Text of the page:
The Obama administration continues to drag its feet on a landmark consumer-protection law that could have made this week's Thanksgiving feast, leftovers and snacks considerably safer to eat.
It's been nearly two years since the Food Safety Modernization Act cleared Congress with bipartisan support and industry backing. But these sweeping new safeguards for produce, imported food and food processing plants remain roadblocked by a little-known administrative agency: the Office of Information and Regulatory Affairs (OIRA).
That agency reviews proposed regulations and essentially has brought the process of turning the law's language into practical rules and regulations to a halt. The always-strapped-for-resources U.S. Food and Drug Administration did its job of drafting the proposed regulations for review. But OIRA has sat on the proposed guidelines for the law's key components for up to a year.
"This is a public health priority. This is a safety risk that is preventable,'' said Sandra Eskin, project director of the Pew Charitable Trusts' Food Safety Campaign. "The president signed the legislation. He supports the legislation. It's time for these regulatory proposals to see the light of day. There's no excuse for holding them up.''
After high-profile outbreaks involving peanut butter and cantaloupes, leading food-industry trade organizations also are saying it's in their best interest for the regulations to move forward.
On Tuesday, the Grocery Manufacturers Association issued this statement: Administrative "review is a critical component of the rule-making process, and it should be conducted in a complete and thorough manner. That said, ensuring the safety of our products -- and maintaining the confidence of consumers -- is the single most important goal of our industry. GMA member companies are eager to implement the provisions of the Food Safety Modernization Act and look forward to the release of the proposed rules so that process may begin in earnest."
The White House has for months responded inadequately to concerns about the delay from food-safety advocates and by the industry, raising uncomfortable questions about priorities and whether politics interfered with the law's rollout. Did election-year fears about red tape slow it down?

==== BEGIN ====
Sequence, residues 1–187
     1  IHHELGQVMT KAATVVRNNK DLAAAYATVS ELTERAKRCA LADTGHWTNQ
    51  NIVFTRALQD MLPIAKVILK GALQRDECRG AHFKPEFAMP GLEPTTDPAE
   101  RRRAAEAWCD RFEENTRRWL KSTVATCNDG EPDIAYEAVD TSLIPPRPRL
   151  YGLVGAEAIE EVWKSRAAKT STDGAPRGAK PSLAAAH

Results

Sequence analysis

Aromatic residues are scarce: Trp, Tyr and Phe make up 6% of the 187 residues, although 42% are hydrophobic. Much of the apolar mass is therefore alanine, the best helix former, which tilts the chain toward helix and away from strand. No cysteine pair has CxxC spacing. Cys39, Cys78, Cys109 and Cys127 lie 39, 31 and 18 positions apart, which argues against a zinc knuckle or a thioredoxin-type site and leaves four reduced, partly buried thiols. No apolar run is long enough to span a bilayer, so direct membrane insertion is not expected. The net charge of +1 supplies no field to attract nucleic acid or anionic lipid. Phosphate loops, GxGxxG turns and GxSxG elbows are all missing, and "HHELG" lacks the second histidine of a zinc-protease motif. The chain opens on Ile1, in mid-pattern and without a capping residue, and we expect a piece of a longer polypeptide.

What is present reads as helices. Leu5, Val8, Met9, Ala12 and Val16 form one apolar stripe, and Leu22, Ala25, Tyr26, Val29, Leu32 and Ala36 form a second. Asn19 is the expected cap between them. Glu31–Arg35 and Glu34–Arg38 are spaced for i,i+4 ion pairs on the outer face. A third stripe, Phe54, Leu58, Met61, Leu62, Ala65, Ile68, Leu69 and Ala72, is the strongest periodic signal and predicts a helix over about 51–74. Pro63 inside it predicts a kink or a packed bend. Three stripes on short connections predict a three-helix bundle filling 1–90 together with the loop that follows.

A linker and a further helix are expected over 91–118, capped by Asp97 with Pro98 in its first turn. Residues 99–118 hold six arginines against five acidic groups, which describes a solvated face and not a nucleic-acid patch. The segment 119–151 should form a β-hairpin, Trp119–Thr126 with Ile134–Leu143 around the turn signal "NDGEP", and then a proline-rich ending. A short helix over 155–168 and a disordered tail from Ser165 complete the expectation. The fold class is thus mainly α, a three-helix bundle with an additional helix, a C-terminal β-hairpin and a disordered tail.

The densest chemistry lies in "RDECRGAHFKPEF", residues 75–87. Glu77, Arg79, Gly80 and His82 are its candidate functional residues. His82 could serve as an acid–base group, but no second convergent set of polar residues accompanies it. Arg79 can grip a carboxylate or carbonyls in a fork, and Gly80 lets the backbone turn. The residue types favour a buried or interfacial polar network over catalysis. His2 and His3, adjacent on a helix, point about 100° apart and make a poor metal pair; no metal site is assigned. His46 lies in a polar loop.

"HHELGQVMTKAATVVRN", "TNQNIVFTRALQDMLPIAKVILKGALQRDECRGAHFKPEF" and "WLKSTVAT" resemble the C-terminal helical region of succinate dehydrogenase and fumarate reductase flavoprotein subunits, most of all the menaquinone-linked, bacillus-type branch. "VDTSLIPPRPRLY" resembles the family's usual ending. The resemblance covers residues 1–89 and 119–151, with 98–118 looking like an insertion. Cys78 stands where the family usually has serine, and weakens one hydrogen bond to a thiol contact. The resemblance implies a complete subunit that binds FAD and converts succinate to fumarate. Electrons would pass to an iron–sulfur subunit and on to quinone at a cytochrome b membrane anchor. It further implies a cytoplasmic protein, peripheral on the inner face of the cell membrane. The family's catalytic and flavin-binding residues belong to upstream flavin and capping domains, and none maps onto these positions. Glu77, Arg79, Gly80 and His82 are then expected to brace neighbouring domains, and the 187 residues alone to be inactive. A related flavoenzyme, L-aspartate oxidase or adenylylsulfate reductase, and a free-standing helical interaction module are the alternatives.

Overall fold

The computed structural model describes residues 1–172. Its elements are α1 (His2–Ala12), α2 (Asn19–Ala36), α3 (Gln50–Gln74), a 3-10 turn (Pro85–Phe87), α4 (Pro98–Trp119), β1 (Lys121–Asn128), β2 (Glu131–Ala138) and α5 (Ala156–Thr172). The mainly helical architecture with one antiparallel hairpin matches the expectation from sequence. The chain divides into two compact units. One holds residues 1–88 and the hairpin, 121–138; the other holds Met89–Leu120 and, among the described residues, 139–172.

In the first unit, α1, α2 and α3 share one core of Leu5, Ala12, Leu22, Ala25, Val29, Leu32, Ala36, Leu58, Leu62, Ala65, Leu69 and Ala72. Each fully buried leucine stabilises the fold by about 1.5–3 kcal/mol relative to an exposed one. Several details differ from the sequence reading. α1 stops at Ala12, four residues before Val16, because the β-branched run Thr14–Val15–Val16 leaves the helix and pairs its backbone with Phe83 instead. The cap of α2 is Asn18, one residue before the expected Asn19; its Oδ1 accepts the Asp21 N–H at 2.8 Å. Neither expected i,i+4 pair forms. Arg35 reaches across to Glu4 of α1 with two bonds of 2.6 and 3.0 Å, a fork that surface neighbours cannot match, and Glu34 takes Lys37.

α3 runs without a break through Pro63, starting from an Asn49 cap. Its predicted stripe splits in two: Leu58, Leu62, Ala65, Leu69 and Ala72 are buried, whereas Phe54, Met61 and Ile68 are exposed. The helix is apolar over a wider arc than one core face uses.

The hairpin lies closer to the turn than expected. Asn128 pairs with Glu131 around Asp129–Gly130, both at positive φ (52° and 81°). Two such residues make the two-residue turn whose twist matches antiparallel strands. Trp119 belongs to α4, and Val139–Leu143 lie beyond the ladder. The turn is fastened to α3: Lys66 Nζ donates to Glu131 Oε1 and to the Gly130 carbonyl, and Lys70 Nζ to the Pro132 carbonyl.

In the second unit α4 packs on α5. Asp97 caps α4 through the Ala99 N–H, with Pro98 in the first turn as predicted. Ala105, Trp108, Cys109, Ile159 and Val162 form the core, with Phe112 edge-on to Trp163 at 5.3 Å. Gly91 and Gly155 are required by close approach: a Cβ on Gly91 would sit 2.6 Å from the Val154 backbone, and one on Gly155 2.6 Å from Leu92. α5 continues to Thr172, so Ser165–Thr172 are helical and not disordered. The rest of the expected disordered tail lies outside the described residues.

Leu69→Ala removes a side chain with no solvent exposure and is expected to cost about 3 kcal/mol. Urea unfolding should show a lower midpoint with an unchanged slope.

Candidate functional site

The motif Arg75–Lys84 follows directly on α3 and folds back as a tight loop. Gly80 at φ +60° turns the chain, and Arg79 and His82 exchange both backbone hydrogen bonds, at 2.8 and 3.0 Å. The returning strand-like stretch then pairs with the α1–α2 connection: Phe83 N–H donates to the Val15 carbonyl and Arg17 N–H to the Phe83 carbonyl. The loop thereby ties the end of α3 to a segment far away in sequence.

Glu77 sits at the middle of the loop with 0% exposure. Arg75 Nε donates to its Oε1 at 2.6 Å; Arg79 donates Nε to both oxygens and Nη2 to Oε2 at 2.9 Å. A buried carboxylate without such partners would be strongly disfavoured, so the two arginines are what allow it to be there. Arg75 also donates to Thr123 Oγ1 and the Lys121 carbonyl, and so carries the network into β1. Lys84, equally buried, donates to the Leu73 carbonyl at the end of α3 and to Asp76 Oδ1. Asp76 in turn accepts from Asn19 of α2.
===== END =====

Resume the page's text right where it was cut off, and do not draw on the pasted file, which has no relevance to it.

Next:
OIRA's controversial former chief Cass Sunstein, who resigned in August, also developed a reputation for micromanaging draft regulations. In a commentary appearing in the Chicago Tribune last spring, Sunstein noted that "during the first three years of the Obama administration, the number of final rules reviewed by OIRA and issued by executive agencies was actually lower than during the first three years of the Bush administration.''
Responding to an editorial writer's inquiry this week, a spokeswoman said the administration is working as "expeditiously as possible" to review the guidelines and that it's important with such complex rules to "get it right." That's admirable, but it's been almost two years since the law was enacted. And there's still no date targeted for the rules' release.
While bureaucrats dally, the foodborne outbreaks continue. A 2008-09 salmonella outbreak linked to peanut butter sickened more than 700 people, claiming the life of 72-year-old Shirley Mae Almer from Perham, Minn. This fall, another salmonella outbreak linked to peanut butter has infected at least 41 people. Sixty-three percent of them are children under the age of 10.
Implementing the law is a public-health imperative. It's an outrage that it's taking so long to put its critical safeguards in place.